Work on The Gap on Interstate 25 between Castle Rock and Monument is viewed as a sign of progress on roads by the Polis administration.

Colorado's highways will see a major one-time funding boost due to Democrats working with Republicans in the statehouse, if the dollars can survive the budgeting process the rest of the legislative session.

Though the state's economy is showing signs of slowing, state Sen. Owen Hill, R-Colorado Springs, received preliminary approval on Wednesday afternoon from the Senate to add $106 million to the state transportation fund.

"While we understand we have an uncertain economic future, this gives us some flexibility going forward to invest in the needs of the people of Colorado," Hill said.

The $106 million would be on top of $30 million added by the Joint Budget Committee, the bipartisan, bicameral panel that crafts the first draft of the state spending plan. 

Additionally, last year the Legislature passed Senate Bill 1, which will drop $200 million into next year's transportation budget. (Only $50 million of that sticks around after one year.)

The deal was made by Senate Minority Leader Chris Holbert, a Republican from Parker, and Majority Leader Steve Fenberg, a Democrat from Boulder. 

The $336 million total for next year reflects official remarks Holbert made on the opening day of the session in January.

He said Republicans would introduce a bill to add $360 million for transportation, including Senate Bill 1's largesse last year. Holbert proposed an equal amount for education, based on the $1.2 billion in budget growth over last year.

> RELATED: 2019 opening day speech by Colorado Senate Minority Leader Chris Holbert

"Sen. Holbert is to be commended for his persistence," said Sandra Hagen Solin of Fix Colorado Roads, then statewide civic and business coalition that has urged more funding to address crowded interstates and dilapidated state routes.

She added: "Sen. Fenberg is to be commended for his bipartisanship, and Sen. Hill is to be credited for making this a reality."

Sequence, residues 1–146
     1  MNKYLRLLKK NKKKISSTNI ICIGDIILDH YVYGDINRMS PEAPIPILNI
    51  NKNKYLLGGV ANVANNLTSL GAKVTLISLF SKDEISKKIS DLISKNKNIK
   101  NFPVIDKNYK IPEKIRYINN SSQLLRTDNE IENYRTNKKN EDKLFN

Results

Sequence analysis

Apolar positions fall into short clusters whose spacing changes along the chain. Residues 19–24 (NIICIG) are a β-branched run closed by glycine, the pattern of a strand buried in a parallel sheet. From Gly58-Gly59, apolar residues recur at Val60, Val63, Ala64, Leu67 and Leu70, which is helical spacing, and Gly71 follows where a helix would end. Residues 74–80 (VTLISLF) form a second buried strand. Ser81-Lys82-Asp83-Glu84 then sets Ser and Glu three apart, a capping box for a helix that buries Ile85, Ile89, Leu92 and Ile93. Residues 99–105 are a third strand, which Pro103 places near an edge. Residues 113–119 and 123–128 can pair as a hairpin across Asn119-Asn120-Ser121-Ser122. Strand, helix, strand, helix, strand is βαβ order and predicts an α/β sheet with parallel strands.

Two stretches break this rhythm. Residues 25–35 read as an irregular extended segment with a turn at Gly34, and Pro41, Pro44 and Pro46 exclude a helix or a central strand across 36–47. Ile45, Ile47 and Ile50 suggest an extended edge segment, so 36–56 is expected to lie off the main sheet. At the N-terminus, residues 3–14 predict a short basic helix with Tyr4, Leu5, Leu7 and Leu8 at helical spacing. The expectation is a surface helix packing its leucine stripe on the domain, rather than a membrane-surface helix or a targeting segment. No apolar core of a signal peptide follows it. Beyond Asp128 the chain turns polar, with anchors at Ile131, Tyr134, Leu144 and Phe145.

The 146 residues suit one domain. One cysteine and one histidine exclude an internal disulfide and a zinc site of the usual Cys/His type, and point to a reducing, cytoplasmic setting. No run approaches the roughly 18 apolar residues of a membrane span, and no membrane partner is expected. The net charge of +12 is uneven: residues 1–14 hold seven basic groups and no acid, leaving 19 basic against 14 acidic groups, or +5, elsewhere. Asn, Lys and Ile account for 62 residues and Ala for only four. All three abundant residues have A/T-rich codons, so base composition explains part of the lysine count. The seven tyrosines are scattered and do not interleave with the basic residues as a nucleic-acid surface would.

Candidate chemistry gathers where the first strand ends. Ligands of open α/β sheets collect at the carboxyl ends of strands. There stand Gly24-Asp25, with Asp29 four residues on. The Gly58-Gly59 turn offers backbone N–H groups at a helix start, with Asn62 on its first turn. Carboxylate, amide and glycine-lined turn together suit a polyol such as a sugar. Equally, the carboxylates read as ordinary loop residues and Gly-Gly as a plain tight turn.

She's hopeful Democrats and Republicans can work together to find more money for transportation in the coming years. Colorado has a $9 billion need to catch up to growth over the next decade.

Such bipartisanship on the issue has been rare, even though Senate Bill 1 passed the upper chamber 35-0 last year.

The Senate still has to have an official vote on the total budget before sending it to the House. If there are amendments in the House  there will be  the two chambers will have to work out compromises to create a single budget.

The state constitution requires the Legislature to send a balanced spending plan to Gov. Jared Polis before the end of the session on May 3. The fiscal year begins on July 1.

Last November's revenue forecast led lawmakers to believe they would have $250 million more than the March forecast predicted.

"The picture was a lot more optimistic when we thought we were going to have all this funding to work with," said Sen. Dominick Moreno, D-Commerce City, the chair of the Joint Budget Committee.

Nonetheless, the proposed budget has $282 million in new education spending, including $180 million for full-day kindergarten.

Moreno called the budget "an unprecedented investment in education."

"That's something we should call celebrate," he added.


> New campaign offers I-25 'Gap' commuters incentives to take the bus or carpool

> Colorado faces meager budget in fight against ski traffic

> I-25 'Gap' construction hits snag

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